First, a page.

Two doors down from Bloom, Cusick is in his office, a confusion of dog-eared stacks, crumpled scraps of paper, and upturned books. A visitor with rectangular specs and a hooded sweatshirt embroidered with the name of his former company, Seedless, stops by; Cusick exalts him as a former "bong baron" who got shut down during Operation Pipe Dreams.

Cusick calls people like him "heroes," the "Rhett Butlers of our time." He sees the Department of Justice’s assault on glassware manufacturers and bong impresarios as another bomb in an ongoing barrage, a stoner-versus-state clash that forces his publication to serve as a kind of drug-war soldier’s manual. "We’re more like Stars & Stripes magazine than Vanity Fair," Cusick says. "We’re in a time of war, this is a war journal, and we should have our war face on. We should understand our readership, understand that their rights are being taken away, they’re going to jail, their families are being destroyed. It’s easy to forget all that stuff."

Another of Cusick’s heroes is the inventor of the Whizzinator, a prosthetic penis on a belt that excretes synthetic urine for drug tests. There’s a full-page ad for the equipment in High Times, a crotch shot with a marijuana leaf superimposed over the fake phallus. "Someone once said, ‘That’s vulgar.’ No, no, no!" insists Cusick. "High-school students getting drug-tested — that’s vulgar! The Whizzinator? Now that’s sublime!"

At least once a week, Cusick’s phone rings at 4:20 p.m. (long a universal time to light up a joint). On the other end of the line he’ll hear giggling along with the unmistakable sound of a bubbling bong. One regular reader has sent Cusick dozens of e-mails about a bud he swears looks like Jesus. "I was like, ‘Can you send me a picture?’ " recalls Cusick. "The guy e-mails me back right away and says, ‘Sure, I have 578 of them.’ " He also sees a never-ending stream of photos of half-nude women with dope leaves obscuring their private parts. "It’s as if we’ve solicited them, but we haven’t," Cusick says. "Somehow, organically, the idea springs up. ‘There’s my girlfriend, there’re my buds — the two things I care most about in the world. Let me send them to High Times.’ "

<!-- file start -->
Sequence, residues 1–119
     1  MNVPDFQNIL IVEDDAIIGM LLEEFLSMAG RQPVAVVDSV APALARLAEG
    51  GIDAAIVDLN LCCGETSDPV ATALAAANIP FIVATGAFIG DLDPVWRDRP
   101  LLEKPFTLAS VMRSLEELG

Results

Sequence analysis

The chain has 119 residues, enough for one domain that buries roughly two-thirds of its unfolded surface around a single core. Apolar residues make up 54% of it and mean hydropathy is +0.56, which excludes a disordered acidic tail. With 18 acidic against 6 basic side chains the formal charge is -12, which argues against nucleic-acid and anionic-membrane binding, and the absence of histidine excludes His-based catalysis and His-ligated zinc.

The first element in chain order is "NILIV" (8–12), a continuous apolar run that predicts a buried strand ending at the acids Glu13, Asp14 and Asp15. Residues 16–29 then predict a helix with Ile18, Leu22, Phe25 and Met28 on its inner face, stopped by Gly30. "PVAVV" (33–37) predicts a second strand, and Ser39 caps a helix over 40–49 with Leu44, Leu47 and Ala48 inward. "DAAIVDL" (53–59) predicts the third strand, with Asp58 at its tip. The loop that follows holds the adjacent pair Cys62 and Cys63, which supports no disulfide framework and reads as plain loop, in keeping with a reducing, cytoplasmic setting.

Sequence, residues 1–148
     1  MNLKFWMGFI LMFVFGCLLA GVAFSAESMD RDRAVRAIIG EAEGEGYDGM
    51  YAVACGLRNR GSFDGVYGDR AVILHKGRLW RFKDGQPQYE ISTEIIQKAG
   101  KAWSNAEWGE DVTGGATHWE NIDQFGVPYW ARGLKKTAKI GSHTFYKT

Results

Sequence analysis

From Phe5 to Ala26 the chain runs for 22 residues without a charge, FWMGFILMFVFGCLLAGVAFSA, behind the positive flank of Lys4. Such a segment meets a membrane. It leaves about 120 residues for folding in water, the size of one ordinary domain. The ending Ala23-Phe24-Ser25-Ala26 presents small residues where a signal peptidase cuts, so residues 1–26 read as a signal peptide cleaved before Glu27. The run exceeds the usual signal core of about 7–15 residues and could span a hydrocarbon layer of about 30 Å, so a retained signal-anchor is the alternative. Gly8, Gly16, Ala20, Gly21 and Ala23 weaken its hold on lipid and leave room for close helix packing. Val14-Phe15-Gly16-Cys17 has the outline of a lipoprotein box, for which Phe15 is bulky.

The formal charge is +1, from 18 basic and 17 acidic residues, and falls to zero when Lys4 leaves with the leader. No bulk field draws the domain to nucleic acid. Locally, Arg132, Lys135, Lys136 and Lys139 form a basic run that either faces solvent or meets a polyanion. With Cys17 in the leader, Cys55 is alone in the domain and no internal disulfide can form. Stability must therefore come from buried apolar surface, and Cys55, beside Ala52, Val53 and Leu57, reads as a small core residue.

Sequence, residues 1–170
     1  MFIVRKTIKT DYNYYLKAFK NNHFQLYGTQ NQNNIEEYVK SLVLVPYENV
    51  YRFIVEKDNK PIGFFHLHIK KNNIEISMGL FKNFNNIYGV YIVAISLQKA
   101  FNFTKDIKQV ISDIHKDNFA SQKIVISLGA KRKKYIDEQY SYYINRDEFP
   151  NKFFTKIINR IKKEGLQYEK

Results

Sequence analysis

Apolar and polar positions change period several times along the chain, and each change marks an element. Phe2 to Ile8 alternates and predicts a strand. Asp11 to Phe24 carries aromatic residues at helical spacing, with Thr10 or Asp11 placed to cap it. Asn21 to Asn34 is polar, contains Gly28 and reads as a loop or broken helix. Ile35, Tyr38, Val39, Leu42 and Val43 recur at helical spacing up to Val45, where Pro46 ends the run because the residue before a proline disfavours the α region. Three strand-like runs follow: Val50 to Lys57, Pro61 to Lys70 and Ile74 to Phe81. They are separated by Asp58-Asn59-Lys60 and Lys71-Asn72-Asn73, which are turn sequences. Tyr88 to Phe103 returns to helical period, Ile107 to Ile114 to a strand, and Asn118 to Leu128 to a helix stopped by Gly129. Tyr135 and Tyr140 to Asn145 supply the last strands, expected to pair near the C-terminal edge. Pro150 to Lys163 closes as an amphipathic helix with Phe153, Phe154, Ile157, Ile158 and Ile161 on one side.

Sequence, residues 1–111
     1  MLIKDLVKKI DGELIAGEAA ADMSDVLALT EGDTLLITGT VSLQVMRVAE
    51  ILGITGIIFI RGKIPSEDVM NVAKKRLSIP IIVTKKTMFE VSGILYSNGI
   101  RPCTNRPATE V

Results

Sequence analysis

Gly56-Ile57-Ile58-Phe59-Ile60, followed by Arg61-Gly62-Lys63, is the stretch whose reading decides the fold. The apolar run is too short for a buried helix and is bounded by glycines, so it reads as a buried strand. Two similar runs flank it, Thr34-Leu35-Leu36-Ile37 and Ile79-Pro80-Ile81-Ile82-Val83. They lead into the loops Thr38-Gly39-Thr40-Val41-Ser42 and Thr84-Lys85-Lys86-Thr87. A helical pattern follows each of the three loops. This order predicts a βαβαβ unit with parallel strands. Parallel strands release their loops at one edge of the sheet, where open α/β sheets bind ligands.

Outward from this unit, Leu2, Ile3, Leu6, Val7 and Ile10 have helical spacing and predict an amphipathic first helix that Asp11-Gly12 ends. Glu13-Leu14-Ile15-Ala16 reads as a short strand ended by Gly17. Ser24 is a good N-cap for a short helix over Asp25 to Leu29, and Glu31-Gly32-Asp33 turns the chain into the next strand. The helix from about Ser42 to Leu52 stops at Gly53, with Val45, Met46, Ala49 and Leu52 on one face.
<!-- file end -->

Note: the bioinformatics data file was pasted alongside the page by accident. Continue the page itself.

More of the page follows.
Cusick is the first to admit that the constant sex-and-pot mail he receives probably stems from the fact that the magazine’s readership is predominantly male. "It’s an outlaw culture, and more men tend to be outlaws than women," Cusick reasons — a theory consistent with the magazine’s original intent to be the Playboy of pot culture.

Indeed, after its brief stint as a slick, celebrity-driven version of the Nation, High Times is back to its roots. And with circulation on the increase, it’s rolling out the brand-name products: T-shirts, calendars, trucker caps marked OFFICIAL HIGH TIMES TASTE TESTER. Bloom says they’re even looking into putting out a High Times video game.

But High Times’ most important goal extends far beyond brands and bottom lines. "It’d be so great to see marijuana legalized someday and know that we played some part in it," says Bloom. "I’d love to see that day."

Camille Dodero can be reached at cdodero[a]phx.com